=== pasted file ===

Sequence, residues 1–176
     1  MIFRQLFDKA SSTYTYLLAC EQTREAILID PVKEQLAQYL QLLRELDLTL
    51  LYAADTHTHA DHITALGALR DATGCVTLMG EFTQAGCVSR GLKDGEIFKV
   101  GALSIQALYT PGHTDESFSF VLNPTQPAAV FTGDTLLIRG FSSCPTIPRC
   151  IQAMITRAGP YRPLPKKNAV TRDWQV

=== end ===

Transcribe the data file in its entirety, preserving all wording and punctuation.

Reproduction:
Sequence, residues 1–176
     1  MIFRQLFDKA SSTYTYLLAC EQTREAILID PVKEQLAQYL QLLRELDLTL
    51  LYAADTHTHA DHITALGALR DATGCVTLMG EFTQAGCVSR GLKDGEIFKV
   101  GALSIQALYT PGHTDESFSF VLNPTQPAAV FTGDTLLIRG FSSCPTIPRC
   151  IQAMITRAGP YRPLPKKNAV TRDWQV